Chinook of all three areas have been demonstrated to harbor antigens of RS regardless of which area of the Snake River and Columbia River they originated from. Both the prevalence and intensity of infection of those originating from the Snake River Basin were frequently lower than those of either the Upper and Lower Columbia River Basin area. Detections of smolts with clinical BKD by ELISA are rare. These data illustrate the need to avoid the crowded conditions, such as barging, where horizontal transmission from the few "highs" could occur. The actual transmission of BKD from hatchery to wild chinook (or vice versa) through smolt collection and subsequent barging has not been demonstrated (Steward and Bjornn 1990).

CONCLUSION: BKD is no more prevalent in Snake River systems than elsewhere and infectious diseases would not constrain recovery of these stocks if migration conditions in the mainstem are corrected.


The evolution of fish culture methods for successful control of BKD in chinook has emphasized injection of returning adults with Erythromycin (Klontz. 1982), feeding the same antibiotic to juveniles (Moffitt and Schreck. 1988), and segregation rearing (with or without culling of progeny from females demonstrated to be clinically infected with BKD (Pascho et al. 1991) IDFG has been proactive in the application of these practices over the last two decades. Application of the most effective combination of these practices has resulted in marked reduction in the occurrence of clinical BKD at IDFG facilities (Figure 1; Munson 1998). These improvements have been observed by reduced detection of clinically infected chinook at collection facilities of the dams on the lower Snake River (Maule et al. 1996; VanderKooi and Maule. In press).

CONCLUSION: Dramatic reduction in clinical BKD has occurred at IDFG facilities over the last decade.


Myxobolus cerebralis, the myxozoan parasite which can cause whirling disease was demonstrated to infect chinook at Sawtooth and Pahsimeroi Hatcheries in 1987. Facility management actions were implemented to limit exposure of small fish to the infective river water at both sites. This action has been demonstrated to be effective in Europe and has limited infections to the asymptomatic carrier state. Approximately 4.6% of wild chinook parr collected for the chinook captive propagation program have been shown to be infected with M. Cerebralis, but whirling disease has not caused any mortality after 2.5 years of rearing. Infections of returning adults have also been at the carrier level. It is doubtful that this parasite exerts a limiting effect on chinook populations in the Salmon River.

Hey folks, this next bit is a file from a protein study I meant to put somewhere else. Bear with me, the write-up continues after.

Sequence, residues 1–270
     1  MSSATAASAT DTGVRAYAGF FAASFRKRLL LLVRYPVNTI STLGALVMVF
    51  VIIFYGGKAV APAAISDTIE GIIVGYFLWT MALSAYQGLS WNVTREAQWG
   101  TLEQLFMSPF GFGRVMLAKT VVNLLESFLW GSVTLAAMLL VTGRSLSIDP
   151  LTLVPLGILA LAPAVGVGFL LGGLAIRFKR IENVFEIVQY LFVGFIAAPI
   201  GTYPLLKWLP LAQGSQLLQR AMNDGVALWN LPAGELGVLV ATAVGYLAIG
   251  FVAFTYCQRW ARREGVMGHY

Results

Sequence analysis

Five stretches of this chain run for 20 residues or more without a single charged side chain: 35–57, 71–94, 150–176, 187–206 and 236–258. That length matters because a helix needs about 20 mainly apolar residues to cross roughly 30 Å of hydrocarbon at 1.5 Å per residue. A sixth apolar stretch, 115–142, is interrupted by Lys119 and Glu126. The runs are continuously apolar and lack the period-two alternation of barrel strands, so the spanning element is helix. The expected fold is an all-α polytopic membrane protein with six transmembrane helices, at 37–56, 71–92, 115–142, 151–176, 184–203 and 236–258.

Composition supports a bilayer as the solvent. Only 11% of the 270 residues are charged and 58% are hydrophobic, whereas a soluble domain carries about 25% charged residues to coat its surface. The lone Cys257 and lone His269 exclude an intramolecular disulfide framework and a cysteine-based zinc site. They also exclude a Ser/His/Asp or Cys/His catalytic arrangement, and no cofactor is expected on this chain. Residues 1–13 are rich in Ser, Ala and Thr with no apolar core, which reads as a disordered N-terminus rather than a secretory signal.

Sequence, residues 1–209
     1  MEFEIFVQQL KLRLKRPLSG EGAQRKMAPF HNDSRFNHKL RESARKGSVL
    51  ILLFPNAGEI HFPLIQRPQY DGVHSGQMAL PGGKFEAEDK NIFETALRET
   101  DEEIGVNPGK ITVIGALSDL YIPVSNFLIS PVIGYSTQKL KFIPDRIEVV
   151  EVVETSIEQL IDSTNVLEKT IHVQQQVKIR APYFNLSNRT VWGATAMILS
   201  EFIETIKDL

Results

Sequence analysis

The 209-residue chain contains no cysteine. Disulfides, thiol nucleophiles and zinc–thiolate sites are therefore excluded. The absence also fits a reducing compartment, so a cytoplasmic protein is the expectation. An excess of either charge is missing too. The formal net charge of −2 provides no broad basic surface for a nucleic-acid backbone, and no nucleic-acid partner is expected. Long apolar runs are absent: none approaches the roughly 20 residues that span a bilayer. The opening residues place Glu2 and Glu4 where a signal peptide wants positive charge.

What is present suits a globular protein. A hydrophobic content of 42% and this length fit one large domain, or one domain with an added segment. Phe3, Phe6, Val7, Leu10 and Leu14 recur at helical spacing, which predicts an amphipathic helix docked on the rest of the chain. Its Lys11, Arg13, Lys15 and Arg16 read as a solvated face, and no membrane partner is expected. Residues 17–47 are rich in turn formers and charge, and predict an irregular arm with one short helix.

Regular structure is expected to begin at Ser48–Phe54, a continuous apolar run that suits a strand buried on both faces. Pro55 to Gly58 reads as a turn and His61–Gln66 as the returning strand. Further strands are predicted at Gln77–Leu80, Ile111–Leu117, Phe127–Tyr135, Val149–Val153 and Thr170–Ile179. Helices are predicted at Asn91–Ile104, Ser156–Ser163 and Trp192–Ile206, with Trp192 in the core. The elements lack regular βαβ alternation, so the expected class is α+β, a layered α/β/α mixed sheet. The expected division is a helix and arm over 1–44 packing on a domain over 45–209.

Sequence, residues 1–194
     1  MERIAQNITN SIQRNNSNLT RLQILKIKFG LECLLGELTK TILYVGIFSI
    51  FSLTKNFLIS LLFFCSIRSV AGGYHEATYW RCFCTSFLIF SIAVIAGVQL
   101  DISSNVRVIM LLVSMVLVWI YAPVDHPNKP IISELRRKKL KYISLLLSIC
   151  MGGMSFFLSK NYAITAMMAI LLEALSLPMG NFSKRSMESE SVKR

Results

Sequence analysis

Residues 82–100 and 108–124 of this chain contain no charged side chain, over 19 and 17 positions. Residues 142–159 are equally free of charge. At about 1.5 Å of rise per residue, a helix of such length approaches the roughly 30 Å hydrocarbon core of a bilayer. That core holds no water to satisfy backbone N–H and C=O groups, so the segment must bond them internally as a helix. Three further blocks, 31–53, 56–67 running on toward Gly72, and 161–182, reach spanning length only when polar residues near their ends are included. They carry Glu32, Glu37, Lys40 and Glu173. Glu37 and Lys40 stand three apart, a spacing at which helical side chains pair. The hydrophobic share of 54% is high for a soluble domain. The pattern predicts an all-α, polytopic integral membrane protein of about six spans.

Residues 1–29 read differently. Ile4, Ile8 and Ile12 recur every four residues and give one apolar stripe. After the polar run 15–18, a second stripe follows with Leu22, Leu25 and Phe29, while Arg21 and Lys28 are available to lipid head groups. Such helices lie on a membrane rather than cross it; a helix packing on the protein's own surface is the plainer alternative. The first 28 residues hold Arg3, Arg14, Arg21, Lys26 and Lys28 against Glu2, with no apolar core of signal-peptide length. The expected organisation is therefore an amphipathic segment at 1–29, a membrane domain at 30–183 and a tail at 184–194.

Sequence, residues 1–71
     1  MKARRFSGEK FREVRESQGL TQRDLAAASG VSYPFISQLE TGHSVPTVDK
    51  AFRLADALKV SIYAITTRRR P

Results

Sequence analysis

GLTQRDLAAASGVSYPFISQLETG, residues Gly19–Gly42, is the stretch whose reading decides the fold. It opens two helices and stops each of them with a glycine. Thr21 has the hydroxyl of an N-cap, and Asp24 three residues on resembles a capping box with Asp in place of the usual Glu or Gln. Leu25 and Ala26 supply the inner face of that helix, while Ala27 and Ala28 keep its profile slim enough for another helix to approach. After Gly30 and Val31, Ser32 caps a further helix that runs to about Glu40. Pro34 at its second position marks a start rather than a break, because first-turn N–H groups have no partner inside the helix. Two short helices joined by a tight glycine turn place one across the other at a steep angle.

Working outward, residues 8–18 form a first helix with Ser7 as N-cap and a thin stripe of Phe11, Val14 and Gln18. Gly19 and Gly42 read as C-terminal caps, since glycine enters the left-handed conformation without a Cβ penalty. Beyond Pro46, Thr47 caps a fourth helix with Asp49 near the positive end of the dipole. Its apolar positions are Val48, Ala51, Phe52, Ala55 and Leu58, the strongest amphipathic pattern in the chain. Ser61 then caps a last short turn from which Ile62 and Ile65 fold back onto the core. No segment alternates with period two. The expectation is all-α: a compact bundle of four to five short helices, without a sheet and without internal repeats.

Erythrocytic Inclusion Body Syndrome (EIBS) occurs at a higher rate in hatchery chinook (70%) than those produced naturally (50%) in the Snake River Basin (PNFHPC 1997). This viral condition, deemed "fuzzy-tail." Has been shown to be debilitating to chinook at Rapid River Hatchery. It was especially prevalent in the late 1980's but has diminished dramatically once BKD was controlled with Erythromycin therapy (Munson 1998).

Table 1
Comparison of adult and juvenile spring/summer chinook BKD ELISA categories for Snake River, Upper Columbia River, and Lower Columbia River for the years 1991-1997.

Idaho / Northeast Oregon
  Number BL L M H
Adult 10,450 48% 29% 14% 9%
Juvenile 1987 66% 30% 3% 1%
Upper / Mid Columbia River
  Number BL L M H
Adult 7452 43% 41% 7% 9%
Juvenile 1905 60% 29% 2% 9%
Lower Columbia River
  Number BL L M H
Adult 5132 58% 18% 6% 18%
Juvenile 1330 52% 32% 8% 8%

Legend of ELISA Cut-Off Categories

BL = Below Low, ELISA OD < 0.1
L = Low, ELISA OD 0.1 TO 0.2
M = Moderate, ELISA OD 0.2 to 0.45
H = High, ELISA OD > 0.45